Louis de Fontaine (fl. Paris 1723-1757)
Portrait of Adrienne Lecouvreur, 1724
Oil on canvas 16 x 12½ in. (40.2 x 31.7 cm.)
This modestly dressed and respectable-looking young woman is none other than Adrienne Lecouvreur, the most celebrated French actress of her age. The portrait, by Louis de Fontaine, was sold at auction in Versailles in April of this year. Up until now it was known only from engravings.
Adrienne Lecouvreur was born into modest circumstances on the 5th April 1692 at Damery, near Epernay and brought up in Paris by her father who was a hatter by trade. Having been on stage, as part of an amateur group then with various provincial troupes, since the age of fourteen, she was received into the Comédie Française in 1717. For thirteen years she was the acknowledged “Queen of Tragedy” and achieved enormous popularity; she was said to have played no fewer than 1,184 times in a hundred roles, of which she created twenty-two. Her success was attributed at the time to her abandonment of the traditional quasi-operatic style of delivery in favour of an emotional intensity which was “simple, noble and natural”.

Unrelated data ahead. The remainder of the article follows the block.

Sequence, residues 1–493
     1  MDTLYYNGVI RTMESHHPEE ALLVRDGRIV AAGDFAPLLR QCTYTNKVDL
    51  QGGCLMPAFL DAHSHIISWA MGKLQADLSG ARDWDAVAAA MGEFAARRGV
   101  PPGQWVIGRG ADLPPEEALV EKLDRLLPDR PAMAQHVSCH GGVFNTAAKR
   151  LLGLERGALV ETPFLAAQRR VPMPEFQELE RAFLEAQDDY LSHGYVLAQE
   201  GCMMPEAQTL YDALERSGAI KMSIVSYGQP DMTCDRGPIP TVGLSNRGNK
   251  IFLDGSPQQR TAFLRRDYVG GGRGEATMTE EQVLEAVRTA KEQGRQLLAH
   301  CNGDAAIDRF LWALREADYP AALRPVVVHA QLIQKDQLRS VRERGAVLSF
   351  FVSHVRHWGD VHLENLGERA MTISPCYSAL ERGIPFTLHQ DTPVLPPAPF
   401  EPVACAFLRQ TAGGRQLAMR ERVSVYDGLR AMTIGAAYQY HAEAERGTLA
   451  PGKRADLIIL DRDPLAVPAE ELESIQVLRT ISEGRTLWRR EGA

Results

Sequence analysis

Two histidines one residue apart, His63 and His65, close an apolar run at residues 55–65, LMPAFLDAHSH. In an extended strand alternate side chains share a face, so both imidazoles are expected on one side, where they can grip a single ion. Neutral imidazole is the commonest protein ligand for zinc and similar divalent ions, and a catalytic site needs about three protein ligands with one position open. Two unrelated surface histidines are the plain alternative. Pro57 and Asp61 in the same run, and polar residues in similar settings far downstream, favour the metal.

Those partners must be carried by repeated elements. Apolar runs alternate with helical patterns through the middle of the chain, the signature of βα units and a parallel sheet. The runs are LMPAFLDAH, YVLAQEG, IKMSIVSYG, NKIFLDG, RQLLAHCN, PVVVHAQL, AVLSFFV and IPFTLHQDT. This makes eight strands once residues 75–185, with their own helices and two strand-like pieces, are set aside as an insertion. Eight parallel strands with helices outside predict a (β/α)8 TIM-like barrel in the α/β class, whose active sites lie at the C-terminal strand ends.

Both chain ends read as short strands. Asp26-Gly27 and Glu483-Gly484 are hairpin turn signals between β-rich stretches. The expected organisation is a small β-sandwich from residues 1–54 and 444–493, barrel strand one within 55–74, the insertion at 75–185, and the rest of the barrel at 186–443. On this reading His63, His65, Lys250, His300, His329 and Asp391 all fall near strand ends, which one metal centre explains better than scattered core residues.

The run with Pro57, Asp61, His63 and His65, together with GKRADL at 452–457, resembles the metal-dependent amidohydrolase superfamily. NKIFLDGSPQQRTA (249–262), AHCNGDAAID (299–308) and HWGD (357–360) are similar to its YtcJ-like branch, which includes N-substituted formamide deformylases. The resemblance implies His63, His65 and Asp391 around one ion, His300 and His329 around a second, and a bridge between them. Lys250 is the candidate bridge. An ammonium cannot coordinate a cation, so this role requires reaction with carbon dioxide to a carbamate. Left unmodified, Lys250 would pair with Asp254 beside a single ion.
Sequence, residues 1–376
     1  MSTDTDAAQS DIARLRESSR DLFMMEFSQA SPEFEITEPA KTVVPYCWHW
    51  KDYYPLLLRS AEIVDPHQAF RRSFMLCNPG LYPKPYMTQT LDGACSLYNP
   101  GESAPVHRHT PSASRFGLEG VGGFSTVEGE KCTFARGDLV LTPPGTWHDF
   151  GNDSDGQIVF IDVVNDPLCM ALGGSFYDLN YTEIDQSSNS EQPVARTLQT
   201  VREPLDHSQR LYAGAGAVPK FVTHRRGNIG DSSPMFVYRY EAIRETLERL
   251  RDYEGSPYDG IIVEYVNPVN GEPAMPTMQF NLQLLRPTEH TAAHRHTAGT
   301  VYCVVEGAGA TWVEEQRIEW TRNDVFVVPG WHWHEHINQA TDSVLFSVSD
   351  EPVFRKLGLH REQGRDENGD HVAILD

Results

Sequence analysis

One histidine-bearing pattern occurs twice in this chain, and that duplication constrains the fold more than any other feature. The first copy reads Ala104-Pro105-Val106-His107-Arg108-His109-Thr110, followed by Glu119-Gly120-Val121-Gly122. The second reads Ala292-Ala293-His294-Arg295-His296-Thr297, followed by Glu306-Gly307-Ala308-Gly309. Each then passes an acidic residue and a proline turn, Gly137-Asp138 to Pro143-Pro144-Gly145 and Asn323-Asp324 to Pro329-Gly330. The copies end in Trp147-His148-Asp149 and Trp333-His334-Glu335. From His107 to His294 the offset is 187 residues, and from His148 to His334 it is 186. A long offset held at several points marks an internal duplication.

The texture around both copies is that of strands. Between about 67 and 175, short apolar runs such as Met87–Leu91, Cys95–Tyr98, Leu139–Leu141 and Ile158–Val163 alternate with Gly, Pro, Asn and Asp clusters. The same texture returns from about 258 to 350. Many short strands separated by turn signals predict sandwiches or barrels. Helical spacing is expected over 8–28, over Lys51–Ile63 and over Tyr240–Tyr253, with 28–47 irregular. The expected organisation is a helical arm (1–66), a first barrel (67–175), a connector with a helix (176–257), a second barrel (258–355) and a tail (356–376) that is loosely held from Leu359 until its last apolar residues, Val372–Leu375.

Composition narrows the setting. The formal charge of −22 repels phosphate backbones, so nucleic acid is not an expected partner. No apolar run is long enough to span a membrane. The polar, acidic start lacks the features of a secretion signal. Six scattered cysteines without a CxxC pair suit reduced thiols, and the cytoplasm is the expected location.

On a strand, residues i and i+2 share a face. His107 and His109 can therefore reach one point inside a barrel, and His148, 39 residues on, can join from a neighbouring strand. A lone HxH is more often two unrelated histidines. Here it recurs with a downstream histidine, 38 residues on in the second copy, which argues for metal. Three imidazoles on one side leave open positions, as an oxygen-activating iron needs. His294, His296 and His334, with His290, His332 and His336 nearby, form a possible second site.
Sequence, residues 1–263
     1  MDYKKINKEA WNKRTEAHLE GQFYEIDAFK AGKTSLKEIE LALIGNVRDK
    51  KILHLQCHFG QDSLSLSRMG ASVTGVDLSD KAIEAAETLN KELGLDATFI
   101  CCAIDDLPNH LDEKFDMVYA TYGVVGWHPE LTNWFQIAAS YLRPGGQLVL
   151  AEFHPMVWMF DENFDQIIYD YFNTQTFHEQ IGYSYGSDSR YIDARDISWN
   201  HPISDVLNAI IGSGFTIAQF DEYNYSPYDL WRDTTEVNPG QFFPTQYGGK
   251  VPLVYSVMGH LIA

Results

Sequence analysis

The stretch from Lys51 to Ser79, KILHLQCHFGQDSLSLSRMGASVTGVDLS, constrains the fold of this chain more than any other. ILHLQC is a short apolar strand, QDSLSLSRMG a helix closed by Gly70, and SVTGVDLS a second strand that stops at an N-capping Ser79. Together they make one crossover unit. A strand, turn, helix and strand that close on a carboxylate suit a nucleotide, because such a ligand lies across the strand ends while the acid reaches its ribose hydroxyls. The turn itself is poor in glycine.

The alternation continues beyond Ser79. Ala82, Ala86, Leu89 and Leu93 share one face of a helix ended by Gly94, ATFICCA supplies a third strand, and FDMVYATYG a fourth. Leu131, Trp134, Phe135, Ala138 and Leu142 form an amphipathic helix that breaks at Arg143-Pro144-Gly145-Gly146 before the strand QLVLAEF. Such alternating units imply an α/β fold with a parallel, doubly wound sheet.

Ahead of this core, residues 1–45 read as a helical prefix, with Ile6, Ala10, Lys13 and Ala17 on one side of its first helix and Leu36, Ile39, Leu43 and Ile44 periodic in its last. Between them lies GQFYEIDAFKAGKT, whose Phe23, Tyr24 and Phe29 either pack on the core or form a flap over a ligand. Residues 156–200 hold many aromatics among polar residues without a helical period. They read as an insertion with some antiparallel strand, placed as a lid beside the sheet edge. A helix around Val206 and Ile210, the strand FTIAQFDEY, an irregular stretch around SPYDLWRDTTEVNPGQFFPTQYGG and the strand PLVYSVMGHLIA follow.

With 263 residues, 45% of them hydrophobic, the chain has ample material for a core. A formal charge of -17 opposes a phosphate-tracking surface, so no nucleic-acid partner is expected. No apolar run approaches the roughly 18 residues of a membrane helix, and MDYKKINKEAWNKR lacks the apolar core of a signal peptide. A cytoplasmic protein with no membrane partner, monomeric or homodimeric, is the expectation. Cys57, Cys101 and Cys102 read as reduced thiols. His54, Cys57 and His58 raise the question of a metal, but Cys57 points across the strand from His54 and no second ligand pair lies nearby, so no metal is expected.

It was her romance with the flamboyantly reckless Marechal de Saxe, whom Adrienne met in 1721 (three years before the portrait was painted), that brought about the mysterious and much chronicled events surrounding her death. It was widely rumoured that she had been poisoned by her rival, the Duchesse de Bouillon, dying on the 20th March 1730.
|Engraving by G F Schmidt after Fontaine|
This is the most well-known of several
There are references to two sales, one at Christie's in London in 2007 and one in Versailles in 2013. It is not made clear, but they must surely be of the same painting. In London it made only £1,875 which seems a bit of a bargain for such a significant portrait.
Arcadja Auction Results